The Bhakti movement has its inception in the 8th century Tamil Nadu. By the 10th century it had spread to Karnataka and Maharashtra and finally by the 16th century, it had established itself in North , West and East of India . This era saw the rebel-mystic-poets who in their spiritual poetry spoke against the orthodox Brahmins, the caste system and the irrelevance of mindless rituals. For them Divinity dwelt within the heart of Man and could be experienced with Love and surrender. They insisted on the personal experience of God.
In its initial stages it was nurtured by Shaiva and Vaishnava Bhakti cults in Tamil Nadu and by Lingayats of Karnataka in 11th and 12th century followed by the Warkari panth of Maharashtra in the 13th century. In the 14th century Central and North India saw the initiation of Nirguna Bhakti by Ramananda’s school and the Chaitanya school of Saguna Vaishnava Bhakti and Bengal and Orissa. There was a parallel stream of Saguna Bhakti running in Gujarat (Sadarangani: Bhakti Poetry in Medieval India, 2004).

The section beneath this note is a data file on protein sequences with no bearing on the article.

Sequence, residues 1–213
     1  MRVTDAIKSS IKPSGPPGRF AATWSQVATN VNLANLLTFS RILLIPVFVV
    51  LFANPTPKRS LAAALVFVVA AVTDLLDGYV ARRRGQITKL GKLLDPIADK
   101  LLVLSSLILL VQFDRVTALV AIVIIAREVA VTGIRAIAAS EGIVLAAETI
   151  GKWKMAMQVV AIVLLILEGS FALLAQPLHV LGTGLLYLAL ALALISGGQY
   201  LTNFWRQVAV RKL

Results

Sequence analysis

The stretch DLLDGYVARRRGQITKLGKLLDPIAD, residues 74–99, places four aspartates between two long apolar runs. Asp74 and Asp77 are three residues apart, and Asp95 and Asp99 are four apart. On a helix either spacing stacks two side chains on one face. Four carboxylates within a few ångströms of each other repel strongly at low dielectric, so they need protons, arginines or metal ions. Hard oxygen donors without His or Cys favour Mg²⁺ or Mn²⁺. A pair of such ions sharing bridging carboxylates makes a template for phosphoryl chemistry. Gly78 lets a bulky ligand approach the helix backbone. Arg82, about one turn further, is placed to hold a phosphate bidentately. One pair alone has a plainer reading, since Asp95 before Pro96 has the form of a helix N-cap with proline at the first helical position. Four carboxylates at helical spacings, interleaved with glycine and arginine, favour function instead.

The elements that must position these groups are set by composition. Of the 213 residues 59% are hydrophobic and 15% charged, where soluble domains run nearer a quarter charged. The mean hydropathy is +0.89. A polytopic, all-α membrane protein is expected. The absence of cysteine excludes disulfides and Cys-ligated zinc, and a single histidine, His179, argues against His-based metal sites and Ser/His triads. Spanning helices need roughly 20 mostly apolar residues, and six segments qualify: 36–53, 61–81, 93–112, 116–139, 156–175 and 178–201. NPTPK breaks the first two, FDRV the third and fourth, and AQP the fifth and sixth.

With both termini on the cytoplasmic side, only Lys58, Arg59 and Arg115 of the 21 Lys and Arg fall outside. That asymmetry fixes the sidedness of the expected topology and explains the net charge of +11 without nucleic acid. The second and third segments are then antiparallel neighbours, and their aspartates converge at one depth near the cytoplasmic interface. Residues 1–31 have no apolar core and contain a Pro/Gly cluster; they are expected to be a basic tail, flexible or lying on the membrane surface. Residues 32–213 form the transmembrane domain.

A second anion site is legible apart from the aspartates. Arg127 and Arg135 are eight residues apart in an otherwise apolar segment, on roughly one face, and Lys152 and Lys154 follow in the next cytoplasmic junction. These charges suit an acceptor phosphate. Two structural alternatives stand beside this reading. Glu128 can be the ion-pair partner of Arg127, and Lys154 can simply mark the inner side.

The Vaishnava Bhakti school was born at the time when Buddhism and Jainism were on the decline. This movement found acceptability among the so called lower castes who had been sidelined by mainstream Hinduism.
Premanand Bhatt was a 17th century bhakti poet (1649-1714), who mastered the art of akhyan: a form of story telling popular during the middle ages. The first clear notion of Gujarati language developed in the 17th and 18th centuries in the work of Premanand. The stories were usually taken from the Puranas. The episodes were modified depending on the theme; for entertainment or edification. The narration was split into units called kadavans. The narration was dramatized giving a detailed description of the characters, their emotional states, the seasons and scenes etc. The narrator who presented the tale before an audience was called a bhatt, who produced beats on a copper pot hitting it with metal rings on his fingers. The pot was called mann, .
Premananda was the supreme akhynkara. His akhyans were based on Puranic themes, the life of Narsinha and lilas of Shri Krishna. He was a master of language and melodious verse. Akhyans were offshoots of Bhakti poems and their stories celebrate the infinite lila of the Divine.
To listen to an Akhyan please check the following link :